These 4-Ingredient Garlicky Potatoes Are My Favorite Spring Side Dish

published Mar 30, 2021
Kitchn Love Letters
Ukrainian Dill Potatoes

The dish is just four humble ingredients — potatoes, dill, garlic, and sunflower oil — but their combination is magical.

Serves4 to 6

Prep10 minutes

Cook20 minutes

Jump to Recipe
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Credit: Alex Shytsman

As a Ukrainian immigrant, I can confidently say potatoes are the backbone of our cuisine. We cook them in dozens of different ways, for all occasions (both festive and casual), and we eat them for breakfast, lunch, and dinner.

When I was growing up in Ukraine, we’d have potatoes on a near-daily basis, whether fried, baked, mashed, or stuffed into varenyky. Needless to say, whatever percent of my body that isn’t made up of water is probably made of potatoes. And while choosing my most-loved style of Ukrainian potato is not unlike picking a favorite child, a strong case can be made for these garlicky potatoes with dill.

Credit: Alexandra Shytsman

The 4-Ingredient Spring Side Dish You Need

This side dish is made of just four humble ingredients — potatoes, dill, garlic, and sunflower oil — but their combination is magical. With each bite of creamy boiled potato you get a grassy hit of fresh dill and a kick from raw garlic, all brought together by the nutty aroma of virgin sunflower oil (the hallmark ingredient of Ukrainian cooking). We would eat them for breakfast alongside pickled herring, sprats, or salty smoked mackerel (a killer combination I’d take over Eggs Benedict any day), but also for dinner with chicken cutlets or fried fish.

Back in Ukraine my mom would make these potatoes in spring and summer, when new potatoes and fresh dill could be found in abundance at the Odessa farmers market (our local bazaar). All of our produce came from the bazaar, and was local and organic by default. There was some imported produce in supermarkets (a brand-new concept to post-Soviet Ukraine in the ’90s), but it was sold at astronomical prices and wasn’t accessible to families like ours, so that meant that we ate with the seasons. These potatoes were a true celebration of spring.

Credit: Alexandra Shytsman

3 Tips for the Absolute Best Dill Potatoes

  1. Don’t skimp on the sunflower oil. The key to these potatoes is unrefined sunflower oil, which has a golden yellow color and a nutty, floral taste. It can be found in tall plastic bottles in any Russian or eastern European store, and on Amazon. Just like a fancy olive oil, it’s used as a finishing oil, so it’s great in salads, with beans, or on grilled bread. Here, you’ll toss the cooked potatoes in a full quarter-cup, which may seem like too much, but they should be just a little greasy.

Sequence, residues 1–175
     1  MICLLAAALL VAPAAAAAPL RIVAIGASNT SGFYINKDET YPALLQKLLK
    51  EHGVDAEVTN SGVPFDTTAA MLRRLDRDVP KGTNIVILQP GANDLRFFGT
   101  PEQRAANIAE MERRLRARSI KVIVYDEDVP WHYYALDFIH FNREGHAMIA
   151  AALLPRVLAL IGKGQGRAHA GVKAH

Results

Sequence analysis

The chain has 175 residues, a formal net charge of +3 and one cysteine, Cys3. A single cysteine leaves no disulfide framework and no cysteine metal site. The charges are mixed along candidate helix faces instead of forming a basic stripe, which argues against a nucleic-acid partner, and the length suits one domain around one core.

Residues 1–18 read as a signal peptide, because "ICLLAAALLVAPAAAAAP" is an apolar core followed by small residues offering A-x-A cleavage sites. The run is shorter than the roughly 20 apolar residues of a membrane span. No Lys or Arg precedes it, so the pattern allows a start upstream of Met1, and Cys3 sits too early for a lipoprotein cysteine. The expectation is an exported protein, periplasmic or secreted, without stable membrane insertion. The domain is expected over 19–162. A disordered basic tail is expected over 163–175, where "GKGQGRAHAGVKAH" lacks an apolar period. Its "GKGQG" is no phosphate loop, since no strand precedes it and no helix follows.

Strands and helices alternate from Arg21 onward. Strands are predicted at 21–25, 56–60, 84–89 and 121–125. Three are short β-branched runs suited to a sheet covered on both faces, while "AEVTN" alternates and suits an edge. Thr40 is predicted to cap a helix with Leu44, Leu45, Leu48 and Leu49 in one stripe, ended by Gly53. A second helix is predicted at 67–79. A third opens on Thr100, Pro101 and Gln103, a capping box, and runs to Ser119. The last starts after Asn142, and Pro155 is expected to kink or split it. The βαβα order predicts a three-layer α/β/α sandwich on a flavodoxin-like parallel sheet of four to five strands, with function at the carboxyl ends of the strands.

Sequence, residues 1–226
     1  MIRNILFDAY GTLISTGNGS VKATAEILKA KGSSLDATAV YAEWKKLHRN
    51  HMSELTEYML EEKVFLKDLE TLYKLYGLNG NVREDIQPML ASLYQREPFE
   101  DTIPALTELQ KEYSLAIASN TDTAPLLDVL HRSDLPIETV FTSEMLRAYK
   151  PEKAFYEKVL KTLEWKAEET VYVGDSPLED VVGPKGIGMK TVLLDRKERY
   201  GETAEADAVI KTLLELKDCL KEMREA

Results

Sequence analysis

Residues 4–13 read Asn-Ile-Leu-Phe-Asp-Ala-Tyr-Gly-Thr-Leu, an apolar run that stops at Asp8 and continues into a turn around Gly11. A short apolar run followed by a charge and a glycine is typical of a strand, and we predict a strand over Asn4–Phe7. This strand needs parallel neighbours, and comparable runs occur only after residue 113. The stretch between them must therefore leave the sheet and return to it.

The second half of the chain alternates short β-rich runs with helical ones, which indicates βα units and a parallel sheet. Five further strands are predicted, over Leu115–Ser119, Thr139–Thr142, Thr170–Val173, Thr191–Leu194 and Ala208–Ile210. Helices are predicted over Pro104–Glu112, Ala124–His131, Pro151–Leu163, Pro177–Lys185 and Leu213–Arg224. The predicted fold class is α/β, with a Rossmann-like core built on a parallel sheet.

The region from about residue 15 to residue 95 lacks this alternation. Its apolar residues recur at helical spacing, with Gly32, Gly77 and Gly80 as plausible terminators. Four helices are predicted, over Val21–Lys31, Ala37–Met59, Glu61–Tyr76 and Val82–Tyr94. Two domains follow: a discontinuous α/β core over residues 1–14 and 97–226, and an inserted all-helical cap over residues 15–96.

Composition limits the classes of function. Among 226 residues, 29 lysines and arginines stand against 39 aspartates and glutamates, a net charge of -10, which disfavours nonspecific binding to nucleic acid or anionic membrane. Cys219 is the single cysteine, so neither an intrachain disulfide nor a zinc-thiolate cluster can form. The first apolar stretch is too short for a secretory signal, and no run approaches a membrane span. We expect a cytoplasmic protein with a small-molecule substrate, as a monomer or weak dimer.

2. Boil small potatoes whole. If you have tiny new potatoes, feel free to just boil them whole. Bigger potatoes should be cut into 1-inch chunks. I start cooking potatoes in cold water (versus adding them to boiling water) so they cook more evenly.
  3. Use a garlic press. While I know garlic presses can get a bad rap (I think it has to do with them being a one-trick pony), pressing garlic releases its essential oils and results in the tiniest garlic pieces, meaning your food gets evenly and intensely perfumed with garlic flavor. It’s my far my preferred tool for prepping the garlic for these potatoes.

At Kitchn, our editors develop and debut brand-new recipes on the site every single week. But at home, we also have our own tried-and-true dishes that we make over and over again — because quite simply? We love them. Kitchn Love Letters is a series that shares our favorite, over-and-over recipes.

Ukrainian Dill Potatoes

The dish is just four humble ingredients — potatoes, dill, garlic, and sunflower oil — but their combination is magical.

Prep time 10 minutes

Cook time 20 minutes

Serves 4 to 6

Nutritional Info

Ingredients

  • 2 pounds

    small new potatoes

  • 2 teaspoons

    kosher salt, plus more

  • 3 cloves

    garlic

  • 1/4 cup

    unrefined sunflower oil

  • 1/2 cup

    finely chopped fresh dill

Instructions

  1. Measure 2 pounds new potatoes: If they’re about an inch in diameter, leave them whole. If they’re larger, cut into 1-inch chunks, making sure all the potatoes are roughly the same size to ensure even cooking.

  2. Place the potatoes in a large pot and add enough water to cover by about 2 inches. Add 2 teaspoons kosher salt, cover, and bring to a boil over medium-high heat. Reduce the heat to low and gently simmer with the lid ajar until the potatoes can be pierced easily with a fork, being careful not to overcook them, 12 to 15 minutes.

  3. Meanwhile, finely grate 3 garlic cloves on a Microplane or run through a garlic press and place in a small bowl. Add 1/4 cup sunflower oil and stir to combine. Finely chop fresh dill until you have 1/2 cup.

  4. Drain the potatoes and return to the pot. Add the garlic oil, dill, and a pinch of kosher salt. Gently toss to combine. Taste and season with more salt as needed.

Recipe Notes

Oil options: 2 tablespoons fruity extra-virgin olive oil plus 2 tablespoons walnut oil can be substituted for the sunflower oil.

Storage: Leftovers can be refrigerated in an airtight container up to 4 days.